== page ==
The European Central Bank (ECB) left its key benchmark interest rate unchanged today, as we expected. In response, the single currency initially weakened against both Sterling and the greenback before recovering.
Inflation, currently at 1.3 per cent in the Eurozone, remains stubbornly below the ECB’s target of approximately 2 per cent. We should see prices tick higher though due to the recent rise in oil prices and the fall in the Euro against both the Pound and the US Dollar.
There are constraints on how high inflation could rise though. Unlike the UK and US, the Euro area labour market has plenty of spare capacity. Unemployment in Europe is 8.5 per cent compared to 4.2 per cent in the UK and 4.1 per cent in the US, and when unemployment is high, it is harder for workers to demand bigger salaries.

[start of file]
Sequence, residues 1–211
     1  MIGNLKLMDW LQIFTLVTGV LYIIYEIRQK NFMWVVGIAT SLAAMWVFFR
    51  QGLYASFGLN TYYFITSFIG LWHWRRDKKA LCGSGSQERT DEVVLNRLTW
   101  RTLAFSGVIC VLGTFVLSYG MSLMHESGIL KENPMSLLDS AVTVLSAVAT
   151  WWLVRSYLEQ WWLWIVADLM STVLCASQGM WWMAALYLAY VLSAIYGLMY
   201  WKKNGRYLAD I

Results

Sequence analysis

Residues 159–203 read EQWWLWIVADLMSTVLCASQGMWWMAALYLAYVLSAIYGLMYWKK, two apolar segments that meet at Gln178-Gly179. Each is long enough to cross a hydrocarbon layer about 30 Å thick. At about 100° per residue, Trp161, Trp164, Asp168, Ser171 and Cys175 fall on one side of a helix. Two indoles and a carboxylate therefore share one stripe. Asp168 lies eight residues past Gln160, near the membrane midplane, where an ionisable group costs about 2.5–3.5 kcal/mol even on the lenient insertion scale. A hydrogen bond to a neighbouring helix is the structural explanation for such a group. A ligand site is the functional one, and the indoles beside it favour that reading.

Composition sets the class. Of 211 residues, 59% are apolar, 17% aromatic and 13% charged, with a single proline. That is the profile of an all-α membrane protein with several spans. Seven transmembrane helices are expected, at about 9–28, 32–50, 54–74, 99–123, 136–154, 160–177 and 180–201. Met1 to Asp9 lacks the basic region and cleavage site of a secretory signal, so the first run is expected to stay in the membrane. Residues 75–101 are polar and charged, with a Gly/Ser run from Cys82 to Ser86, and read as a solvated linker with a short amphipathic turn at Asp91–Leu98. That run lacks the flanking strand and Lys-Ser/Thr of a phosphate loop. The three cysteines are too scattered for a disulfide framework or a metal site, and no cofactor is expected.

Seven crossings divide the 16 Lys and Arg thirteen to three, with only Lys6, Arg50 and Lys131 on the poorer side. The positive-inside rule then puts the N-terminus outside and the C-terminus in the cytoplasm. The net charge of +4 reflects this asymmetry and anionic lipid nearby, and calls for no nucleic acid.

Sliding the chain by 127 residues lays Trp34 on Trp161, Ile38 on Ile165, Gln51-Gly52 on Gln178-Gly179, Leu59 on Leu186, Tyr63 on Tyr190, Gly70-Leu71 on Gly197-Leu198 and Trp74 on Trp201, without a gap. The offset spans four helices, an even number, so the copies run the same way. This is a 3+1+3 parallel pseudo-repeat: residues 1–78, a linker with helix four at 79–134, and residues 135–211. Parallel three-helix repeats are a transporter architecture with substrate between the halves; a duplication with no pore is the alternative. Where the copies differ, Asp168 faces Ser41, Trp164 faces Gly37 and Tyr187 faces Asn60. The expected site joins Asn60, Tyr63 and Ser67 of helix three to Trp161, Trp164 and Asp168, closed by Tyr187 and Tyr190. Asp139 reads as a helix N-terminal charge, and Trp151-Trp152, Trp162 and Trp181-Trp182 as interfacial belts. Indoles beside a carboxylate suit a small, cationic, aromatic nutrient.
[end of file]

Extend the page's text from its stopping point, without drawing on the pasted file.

Rising real wages will boost consumer spending and in turn accelerate inflation, but Germany is the only country where this is occurring. The recent political uncertainty in Italy has served to prevent structural changes in the labour market, while President Emmanuel Macron’s recent reforms in France have only triggered protests.
We anticipate more of the same from Draghi in the months ahead. Until employment and inflation start to show a sustained push higher then monetary policy is likely to remain accommodative.